Alonzo Hereford Cushing

CushingAlonzo Hereford Cushing, United States Army: Distinguished himself by acts of bravery above and beyond the call of duty while serving as an Artillery Commander in Battery A, 4th U.S. Artillery, Army of the Potomac at Gettysburg, Pennsylvania on July 3, 1863 during the American Civil War. That morning, Confederate Forces led by General Robert E. Lee began cannonading First Lieutenant Cushing’s position on Cemetery Ridge. Using field glasses, First Lieutenant Cushing directed fire for his own artillery battery. He refused to leave the battlefield after being struck in the shoulder by a shell fragment. As he continued to direct fire, he was struck again, this time suffering grievous damage to his abdomen. Still refusing to abandon his command, he boldly stood tall in the face of Major General George E. Pickett’s charge and continued to direct devastating fire into oncoming forces. As the Confederate Forces closed in, First Lieutenant Cushing was struck in the mouth by an enemy bullet and fell dead beside his gun. His gallant stand and fearless leadership inflicted severe casualties upon Confederate Forces and opened wide gaps in their lines, directly impacting the Union Forces’ ability to repel Pickett’s Charge. First Lieutenant Cushing’s extraordinary heroism and selflessness above and beyond the call of duty, at the cost of his own life, are in keeping with the highest traditions of military service and reflect great credit upon himself, Battery A, 4th U.S. Artillery, Army of the Potomac, and the United States Army.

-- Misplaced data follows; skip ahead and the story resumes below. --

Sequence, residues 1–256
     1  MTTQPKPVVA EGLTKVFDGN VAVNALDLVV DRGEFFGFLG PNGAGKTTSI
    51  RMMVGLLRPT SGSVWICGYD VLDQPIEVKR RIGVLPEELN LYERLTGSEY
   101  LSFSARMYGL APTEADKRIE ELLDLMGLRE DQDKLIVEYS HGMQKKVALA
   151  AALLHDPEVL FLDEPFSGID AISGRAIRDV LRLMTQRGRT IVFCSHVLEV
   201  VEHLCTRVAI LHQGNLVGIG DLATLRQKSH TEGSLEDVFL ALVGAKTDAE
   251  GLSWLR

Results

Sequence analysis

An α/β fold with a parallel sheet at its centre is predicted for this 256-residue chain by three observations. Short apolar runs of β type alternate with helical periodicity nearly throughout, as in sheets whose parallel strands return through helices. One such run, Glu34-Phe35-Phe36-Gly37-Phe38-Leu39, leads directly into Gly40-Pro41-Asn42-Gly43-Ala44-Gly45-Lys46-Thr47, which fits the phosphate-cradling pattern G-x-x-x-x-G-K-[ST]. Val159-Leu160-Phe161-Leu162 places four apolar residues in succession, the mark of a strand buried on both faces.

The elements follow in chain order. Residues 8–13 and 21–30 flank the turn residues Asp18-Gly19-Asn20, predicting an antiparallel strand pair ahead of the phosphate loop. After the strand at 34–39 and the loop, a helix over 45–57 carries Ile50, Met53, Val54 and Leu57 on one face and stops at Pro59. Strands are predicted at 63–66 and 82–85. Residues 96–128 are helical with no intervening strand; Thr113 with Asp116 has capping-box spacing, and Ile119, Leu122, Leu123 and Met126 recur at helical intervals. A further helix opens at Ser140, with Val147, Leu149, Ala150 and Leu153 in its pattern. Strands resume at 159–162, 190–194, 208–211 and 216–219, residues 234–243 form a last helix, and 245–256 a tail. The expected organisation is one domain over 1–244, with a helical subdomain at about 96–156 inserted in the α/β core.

Cushing was born on January 19, 1841 in Delafield Wisconsin. He graduated in June 1861 from West Point and was commissioned a first lieutenant. He participated in most of the campaigns and battles of the Army of the Potomac, to include Bull Run, Antietam, Fredericksburg, Chancellorsville, and Gettysburg. During the Chancellorsville Campaign, he was promoted to command Battery A, 4th United States Artillery, in the Army of the Potomac’s II Corps. Although he received a posthumous brevet promotion to lieutenant colonel for his service at the Battle of Gettysburg, no award was announced. He was buried at West Point.

On November 6, 2014, President Obama presented the Medal of Honor to Cushing’s distant relatives in a very moving White House ceremony.

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